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Re: Beaks and Teeth
> Peter Makovicky is quoted:
> The pattern of tooth loss that led to the eventual development of a full
> beak in later forms is different from patterns seen in birds, and suggests
> there are more complex evolutionary scenarios for beak development than
> previously thought, said Makovicky.
Well, there's no evidence that Confuciusornithidae or Ornithurae -- or
Ornithomimosauria -- got gnawing teeth before they exchanged them for a
toothless beak. Makes sense only when *Incisivosaurus* represents the basal
state for oviraptorosaurs.
> And then there are a couple of statements that don't make sense, perhaps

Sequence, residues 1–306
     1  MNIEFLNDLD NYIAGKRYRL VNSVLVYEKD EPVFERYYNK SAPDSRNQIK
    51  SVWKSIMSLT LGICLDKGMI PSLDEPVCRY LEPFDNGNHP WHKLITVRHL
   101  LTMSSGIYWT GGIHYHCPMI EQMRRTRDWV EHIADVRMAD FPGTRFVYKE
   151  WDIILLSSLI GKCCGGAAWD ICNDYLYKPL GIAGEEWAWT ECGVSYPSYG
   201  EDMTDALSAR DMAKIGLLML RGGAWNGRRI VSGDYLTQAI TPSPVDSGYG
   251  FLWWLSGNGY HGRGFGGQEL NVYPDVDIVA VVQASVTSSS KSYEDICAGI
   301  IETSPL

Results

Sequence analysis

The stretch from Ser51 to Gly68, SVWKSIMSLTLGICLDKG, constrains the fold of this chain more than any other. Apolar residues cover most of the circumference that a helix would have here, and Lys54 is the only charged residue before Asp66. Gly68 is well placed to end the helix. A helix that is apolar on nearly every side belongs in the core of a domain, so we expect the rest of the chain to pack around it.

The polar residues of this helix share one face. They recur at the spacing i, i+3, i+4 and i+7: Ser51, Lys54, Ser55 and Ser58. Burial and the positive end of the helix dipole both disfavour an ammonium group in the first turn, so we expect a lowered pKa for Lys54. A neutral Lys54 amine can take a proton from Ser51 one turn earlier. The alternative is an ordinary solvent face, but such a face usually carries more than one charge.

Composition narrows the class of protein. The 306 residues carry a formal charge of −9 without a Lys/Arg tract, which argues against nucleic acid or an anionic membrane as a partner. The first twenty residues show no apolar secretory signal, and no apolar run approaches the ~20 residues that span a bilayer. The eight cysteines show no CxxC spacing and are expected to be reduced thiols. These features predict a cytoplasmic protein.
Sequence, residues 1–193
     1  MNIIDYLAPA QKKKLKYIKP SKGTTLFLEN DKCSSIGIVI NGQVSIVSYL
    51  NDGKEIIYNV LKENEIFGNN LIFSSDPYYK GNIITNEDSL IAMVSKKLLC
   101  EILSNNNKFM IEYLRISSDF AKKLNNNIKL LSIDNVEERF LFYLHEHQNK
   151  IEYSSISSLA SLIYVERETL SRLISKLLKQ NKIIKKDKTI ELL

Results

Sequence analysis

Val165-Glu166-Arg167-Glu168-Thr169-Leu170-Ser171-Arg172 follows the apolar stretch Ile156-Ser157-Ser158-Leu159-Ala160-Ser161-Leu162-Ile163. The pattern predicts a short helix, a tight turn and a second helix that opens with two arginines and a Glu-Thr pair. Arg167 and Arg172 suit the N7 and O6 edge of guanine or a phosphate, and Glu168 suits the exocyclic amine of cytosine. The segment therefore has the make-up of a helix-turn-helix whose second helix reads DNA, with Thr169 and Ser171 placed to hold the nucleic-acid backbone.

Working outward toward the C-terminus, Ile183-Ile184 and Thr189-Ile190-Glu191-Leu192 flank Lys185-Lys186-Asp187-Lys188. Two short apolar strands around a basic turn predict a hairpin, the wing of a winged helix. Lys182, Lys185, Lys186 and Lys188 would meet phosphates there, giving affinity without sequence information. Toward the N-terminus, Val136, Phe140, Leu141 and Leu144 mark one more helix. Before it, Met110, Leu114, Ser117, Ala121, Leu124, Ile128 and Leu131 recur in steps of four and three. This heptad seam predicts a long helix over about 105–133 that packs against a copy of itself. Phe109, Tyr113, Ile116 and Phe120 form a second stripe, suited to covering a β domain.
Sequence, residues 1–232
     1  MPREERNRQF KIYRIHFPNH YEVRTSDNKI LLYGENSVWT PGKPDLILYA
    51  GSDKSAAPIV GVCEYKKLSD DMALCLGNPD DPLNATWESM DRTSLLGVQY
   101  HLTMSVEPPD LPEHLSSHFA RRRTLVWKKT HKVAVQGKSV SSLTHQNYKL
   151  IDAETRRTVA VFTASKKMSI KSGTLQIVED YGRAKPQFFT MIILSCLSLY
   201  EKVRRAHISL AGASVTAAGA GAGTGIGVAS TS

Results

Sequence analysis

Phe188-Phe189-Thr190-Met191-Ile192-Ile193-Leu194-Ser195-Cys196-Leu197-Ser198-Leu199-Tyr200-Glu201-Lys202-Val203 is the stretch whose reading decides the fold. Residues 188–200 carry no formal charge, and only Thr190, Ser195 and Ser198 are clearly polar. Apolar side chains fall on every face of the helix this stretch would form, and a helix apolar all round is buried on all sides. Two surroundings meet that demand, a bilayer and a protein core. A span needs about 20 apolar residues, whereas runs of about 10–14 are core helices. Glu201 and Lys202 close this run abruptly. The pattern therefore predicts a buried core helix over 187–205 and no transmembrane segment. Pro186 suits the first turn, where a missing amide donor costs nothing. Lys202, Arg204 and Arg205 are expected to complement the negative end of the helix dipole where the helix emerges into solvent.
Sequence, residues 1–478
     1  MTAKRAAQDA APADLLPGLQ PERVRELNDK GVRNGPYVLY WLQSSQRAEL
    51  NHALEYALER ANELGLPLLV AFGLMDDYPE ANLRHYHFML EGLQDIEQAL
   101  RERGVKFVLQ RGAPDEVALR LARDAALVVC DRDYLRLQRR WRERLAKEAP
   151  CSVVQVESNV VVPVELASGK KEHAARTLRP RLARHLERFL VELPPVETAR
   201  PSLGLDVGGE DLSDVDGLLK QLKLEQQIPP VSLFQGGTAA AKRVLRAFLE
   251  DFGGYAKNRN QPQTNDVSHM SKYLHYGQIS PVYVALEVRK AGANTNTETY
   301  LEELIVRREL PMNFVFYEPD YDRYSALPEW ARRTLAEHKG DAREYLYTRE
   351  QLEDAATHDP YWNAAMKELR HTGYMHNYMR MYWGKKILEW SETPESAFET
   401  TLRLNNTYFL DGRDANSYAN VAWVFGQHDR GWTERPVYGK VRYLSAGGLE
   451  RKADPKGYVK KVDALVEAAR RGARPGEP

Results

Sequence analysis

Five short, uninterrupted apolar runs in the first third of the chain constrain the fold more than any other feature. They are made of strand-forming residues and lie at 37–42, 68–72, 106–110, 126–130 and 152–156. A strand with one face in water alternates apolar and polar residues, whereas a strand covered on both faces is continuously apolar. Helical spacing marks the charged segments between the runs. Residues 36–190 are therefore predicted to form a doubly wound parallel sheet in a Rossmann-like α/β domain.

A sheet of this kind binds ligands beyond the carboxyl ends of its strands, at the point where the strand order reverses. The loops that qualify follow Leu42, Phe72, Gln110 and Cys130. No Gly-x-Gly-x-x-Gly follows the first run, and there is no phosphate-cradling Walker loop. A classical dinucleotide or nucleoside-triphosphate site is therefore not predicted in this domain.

> because of typos:
> "The ideas that there were only 500 species of dinosaurs spanning 150
> million years. And most were small," said Currie.
Looks like severe cutting. The Vast Media Conspiration is to blame again.
Maybe that's short for
"The old idea's that there were only about 500 species of dinosaurs spanning
150 million years. Now we find that that's wrong, there must have been a lot
more. We find heaps of unknown and unexpected dino species in Liaoning. And
most of those were small, implying that other sites have preservational etc.
bias towards the big ones".
> A 4 inch skull is unlikely to be much longer than too many other dinos'.
Sure it is, in comparison to many other _oviraptorosaurs_. Plesiomorphy --
yahoo, we've found a _basal_ oviraptorosaur. That's the message. :-)
"What's your name?"
"That's short for... Bob."
Blackadder Goes Forth